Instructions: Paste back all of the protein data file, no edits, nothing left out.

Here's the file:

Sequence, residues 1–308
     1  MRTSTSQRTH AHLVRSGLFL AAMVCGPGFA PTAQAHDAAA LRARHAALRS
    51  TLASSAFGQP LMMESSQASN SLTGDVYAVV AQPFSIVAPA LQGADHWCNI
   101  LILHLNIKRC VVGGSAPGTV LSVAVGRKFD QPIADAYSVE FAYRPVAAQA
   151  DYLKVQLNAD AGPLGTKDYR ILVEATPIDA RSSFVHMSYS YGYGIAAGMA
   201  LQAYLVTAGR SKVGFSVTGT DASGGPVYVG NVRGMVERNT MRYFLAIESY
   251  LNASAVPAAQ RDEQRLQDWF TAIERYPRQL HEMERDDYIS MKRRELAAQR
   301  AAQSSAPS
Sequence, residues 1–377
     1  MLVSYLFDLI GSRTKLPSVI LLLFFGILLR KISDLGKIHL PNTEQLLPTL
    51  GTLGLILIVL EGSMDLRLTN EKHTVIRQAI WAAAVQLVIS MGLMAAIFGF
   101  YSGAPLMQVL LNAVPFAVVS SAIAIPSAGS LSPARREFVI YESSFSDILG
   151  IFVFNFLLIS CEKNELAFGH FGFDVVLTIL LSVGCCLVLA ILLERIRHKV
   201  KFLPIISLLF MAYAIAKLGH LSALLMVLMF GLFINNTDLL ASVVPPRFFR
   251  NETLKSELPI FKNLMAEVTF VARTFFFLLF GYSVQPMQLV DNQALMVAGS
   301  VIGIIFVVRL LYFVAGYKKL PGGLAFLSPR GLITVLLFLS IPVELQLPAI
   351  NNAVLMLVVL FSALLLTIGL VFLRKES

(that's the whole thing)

Sequence, residues 1–308
     1  MRTSTSQRTH AHLVRSGLFL AAMVCGPGFA PTAQAHDAAA LRARHAALRS
    51  TLASSAFGQP LMMESSQASN SLTGDVYAVV AQPFSIVAPA LQGADHWCNI
   101  LILHLNIKRC VVGGSAPGTV LSVAVGRKFD QPIADAYSVE FAYRPVAAQA
   151  DYLKVQLNAD AGPLGTKDYR ILVEATPIDA RSSFVHMSYS YGYGIAAGMA
   201  LQAYLVTAGR SKVGFSVTGT DASGGPVYVG NVRGMVERNT MRYFLAIESY
   251  LNASAVPAAQ RDEQRLQDWF TAIERYPRQL HEMERDDYIS MKRRELAAQR
   301  AAQSSAPS
Sequence, residues 1–377
     1  MLVSYLFDLI GSRTKLPSVI LLLFFGILLR KISDLGKIHL PNTEQLLPTL
    51  GTLGLILIVL EGSMDLRLTN EKHTVIRQAI WAAAVQLVIS MGLMAAIFGF
   101  YSGAPLMQVL LNAVPFAVVS SAIAIPSAGS LSPARREFVI YESSFSDILG
   151  IFVFNFLLIS CEKNELAFGH FGFDVVLTIL LSVGCCLVLA ILLERIRHKV
   201  KFLPIISLLF MAYAIAKLGH LSALLMVLMF GLFINNTDLL ASVVPPRFFR
   251  NETLKSELPI FKNLMAEVTF VARTFFFLLF GYSVQPMQLV DNQALMVAGS
   301  VIGIIFVVRL LYFVAGYKKL PGGLAFLSPR GLITVLLFLS IPVELQLPAI
   351  NNAVLMLVVL FSALLLTIGL VFLRKES